Nestled between Co. Down on it’s northern shores and the Cooley Peninsula, Co. Louth on the South, the area around Carlingford Lough is one of outstanding natural beauty. Steeped in legend and history the area has something for everyone. We hope our website helps you to explore and fall in love with all it has to offer.
This week's photo is from Edward Coogan and features the Haulbowline Lighthouse on a starry night. Edward is a photographer based in Antrim who loves all things photography related from landscapes and portraits to teaching it to others. He took this picture a few months ago while the lighthouse was illuminated in blue to honour the fabulous work of the NHS and the HSE. Edward wanted to capture it as a beacon of hope in these dark times. Edward loves photography and it gives him a chance to get to some fantastic places and to meet some lovely people while out capturing images. You can follow Edward on his facebook page Digital Photography N.I and you can see more of Edward's photography on his website www.digitalphotographyni.com where he show cases some of his work for all to see.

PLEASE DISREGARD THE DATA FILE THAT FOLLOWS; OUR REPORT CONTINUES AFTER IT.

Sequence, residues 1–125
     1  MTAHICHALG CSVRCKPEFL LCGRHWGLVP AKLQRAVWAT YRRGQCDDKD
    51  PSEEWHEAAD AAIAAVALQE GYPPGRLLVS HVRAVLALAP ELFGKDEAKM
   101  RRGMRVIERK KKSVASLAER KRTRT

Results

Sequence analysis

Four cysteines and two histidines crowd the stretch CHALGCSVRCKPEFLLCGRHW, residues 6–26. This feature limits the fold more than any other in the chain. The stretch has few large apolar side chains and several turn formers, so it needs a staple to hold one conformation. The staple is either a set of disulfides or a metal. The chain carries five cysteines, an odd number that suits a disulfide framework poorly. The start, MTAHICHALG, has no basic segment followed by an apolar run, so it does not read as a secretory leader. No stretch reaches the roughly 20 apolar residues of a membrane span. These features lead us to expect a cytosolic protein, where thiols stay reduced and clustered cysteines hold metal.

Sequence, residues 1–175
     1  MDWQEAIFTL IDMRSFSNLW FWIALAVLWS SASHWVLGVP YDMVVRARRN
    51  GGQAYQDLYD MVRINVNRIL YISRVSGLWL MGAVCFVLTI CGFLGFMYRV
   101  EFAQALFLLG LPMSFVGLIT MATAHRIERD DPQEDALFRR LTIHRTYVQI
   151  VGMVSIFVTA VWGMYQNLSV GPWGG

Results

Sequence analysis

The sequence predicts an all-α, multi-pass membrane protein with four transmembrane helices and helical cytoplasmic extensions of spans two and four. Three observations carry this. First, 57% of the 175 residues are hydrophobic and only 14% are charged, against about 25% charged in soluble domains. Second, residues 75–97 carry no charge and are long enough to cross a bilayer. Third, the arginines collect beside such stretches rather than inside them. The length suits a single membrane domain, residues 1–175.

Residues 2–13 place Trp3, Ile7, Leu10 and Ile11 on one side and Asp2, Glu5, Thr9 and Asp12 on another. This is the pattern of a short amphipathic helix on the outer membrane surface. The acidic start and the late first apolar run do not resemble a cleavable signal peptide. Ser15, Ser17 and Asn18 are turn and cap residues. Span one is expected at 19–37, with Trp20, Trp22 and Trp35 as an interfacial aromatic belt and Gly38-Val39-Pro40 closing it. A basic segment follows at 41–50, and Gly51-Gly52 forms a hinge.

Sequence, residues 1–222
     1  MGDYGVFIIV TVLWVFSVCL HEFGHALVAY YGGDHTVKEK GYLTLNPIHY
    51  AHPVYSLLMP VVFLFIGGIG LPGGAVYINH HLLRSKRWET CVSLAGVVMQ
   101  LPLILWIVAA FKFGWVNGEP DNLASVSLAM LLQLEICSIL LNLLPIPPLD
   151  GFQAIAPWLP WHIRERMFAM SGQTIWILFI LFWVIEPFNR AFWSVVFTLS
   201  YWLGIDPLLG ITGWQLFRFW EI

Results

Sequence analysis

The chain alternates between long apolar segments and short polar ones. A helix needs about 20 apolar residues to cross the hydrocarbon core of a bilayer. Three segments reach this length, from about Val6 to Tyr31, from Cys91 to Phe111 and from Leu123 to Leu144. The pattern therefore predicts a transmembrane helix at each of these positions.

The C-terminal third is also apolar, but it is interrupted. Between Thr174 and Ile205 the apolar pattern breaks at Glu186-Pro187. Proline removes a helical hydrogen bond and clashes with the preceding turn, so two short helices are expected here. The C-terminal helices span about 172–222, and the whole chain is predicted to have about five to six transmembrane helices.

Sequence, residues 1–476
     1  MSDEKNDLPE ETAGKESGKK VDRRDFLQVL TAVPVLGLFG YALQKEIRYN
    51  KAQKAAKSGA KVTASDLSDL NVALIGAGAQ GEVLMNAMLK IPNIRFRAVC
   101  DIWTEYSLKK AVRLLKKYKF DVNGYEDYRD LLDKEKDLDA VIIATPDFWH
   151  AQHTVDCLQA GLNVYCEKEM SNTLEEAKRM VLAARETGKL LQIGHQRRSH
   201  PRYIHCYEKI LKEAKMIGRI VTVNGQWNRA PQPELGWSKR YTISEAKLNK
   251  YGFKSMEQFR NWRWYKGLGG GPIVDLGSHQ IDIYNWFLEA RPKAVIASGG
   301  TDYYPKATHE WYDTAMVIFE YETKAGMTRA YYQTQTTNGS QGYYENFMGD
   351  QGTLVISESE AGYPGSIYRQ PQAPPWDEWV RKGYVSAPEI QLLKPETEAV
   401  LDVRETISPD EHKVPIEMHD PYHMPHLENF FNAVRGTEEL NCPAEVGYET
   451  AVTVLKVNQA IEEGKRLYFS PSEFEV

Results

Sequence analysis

The Haulbowline light house was completed in 1824 after a request was made in 1817 to replace the 1803 Cranfield Point Lighthouse. The Cranfield Light house was considered to be in a poor position to mark dangerous rocks at the entrance to Carlingford Lough. It is 34m (112 ft) in height and the main light is 32m above high water. It serves to guide vessels through the entrance channel into Carlingford Lough. It was built on a semi-submerged rock which is exposed only at low tide with fast currents running around it and was considered quite a feat at the time. It was painted white and remained white until 1946 when it was changed to its natural stone colour. From 1824 until 1922 the Keepers and their families lived in the Cranfield Point Lighthouse dwelling. New dwellings were built at Greencastle in 1922 and subsequently sold after the light was automated. The light was converted to electric and made unwatched automatic on 17 March 1965. The fog signal was permanently disestablished on 8 January 2009 and to this day is still missed by many locals.